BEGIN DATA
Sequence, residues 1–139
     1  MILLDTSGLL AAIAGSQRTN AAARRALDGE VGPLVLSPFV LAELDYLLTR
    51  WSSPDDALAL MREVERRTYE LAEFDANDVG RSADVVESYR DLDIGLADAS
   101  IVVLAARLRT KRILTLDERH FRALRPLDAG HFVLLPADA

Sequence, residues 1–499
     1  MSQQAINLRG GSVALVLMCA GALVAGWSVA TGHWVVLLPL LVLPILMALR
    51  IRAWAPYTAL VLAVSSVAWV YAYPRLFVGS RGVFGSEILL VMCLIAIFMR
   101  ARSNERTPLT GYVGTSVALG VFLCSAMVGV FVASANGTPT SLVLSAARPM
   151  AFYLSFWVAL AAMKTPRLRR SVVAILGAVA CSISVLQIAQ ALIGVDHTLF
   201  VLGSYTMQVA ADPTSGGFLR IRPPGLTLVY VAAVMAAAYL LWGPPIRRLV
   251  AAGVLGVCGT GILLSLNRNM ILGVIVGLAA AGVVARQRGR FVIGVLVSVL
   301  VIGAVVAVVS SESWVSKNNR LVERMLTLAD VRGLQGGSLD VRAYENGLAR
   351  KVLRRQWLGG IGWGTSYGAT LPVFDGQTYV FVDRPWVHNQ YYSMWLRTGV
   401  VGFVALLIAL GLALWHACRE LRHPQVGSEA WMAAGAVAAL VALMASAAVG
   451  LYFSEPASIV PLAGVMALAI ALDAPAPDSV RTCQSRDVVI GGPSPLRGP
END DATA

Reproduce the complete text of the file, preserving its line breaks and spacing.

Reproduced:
Sequence, residues 1–139
     1  MILLDTSGLL AAIAGSQRTN AAARRALDGE VGPLVLSPFV LAELDYLLTR
    51  WSSPDDALAL MREVERRTYE LAEFDANDVG RSADVVESYR DLDIGLADAS
   101  IVVLAARLRT KRILTLDERH FRALRPLDAG HFVLLPADA

Sequence, residues 1–499
     1  MSQQAINLRG GSVALVLMCA GALVAGWSVA TGHWVVLLPL LVLPILMALR
    51  IRAWAPYTAL VLAVSSVAWV YAYPRLFVGS RGVFGSEILL VMCLIAIFMR
   101  ARSNERTPLT GYVGTSVALG VFLCSAMVGV FVASANGTPT SLVLSAARPM
   151  AFYLSFWVAL AAMKTPRLRR SVVAILGAVA CSISVLQIAQ ALIGVDHTLF
   201  VLGSYTMQVA ADPTSGGFLR IRPPGLTLVY VAAVMAAAYL LWGPPIRRLV
   251  AAGVLGVCGT GILLSLNRNM ILGVIVGLAA AGVVARQRGR FVIGVLVSVL
   301  VIGAVVAVVS SESWVSKNNR LVERMLTLAD VRGLQGGSLD VRAYENGLAR
   351  KVLRRQWLGG IGWGTSYGAT LPVFDGQTYV FVDRPWVHNQ YYSMWLRTGV
   401  VGFVALLIAL GLALWHACRE LRHPQVGSEA WMAAGAVAAL VALMASAAVG
   451  LYFSEPASIV PLAGVMALAI ALDAPAPDSV RTCQSRDVVI GGPSPLRGP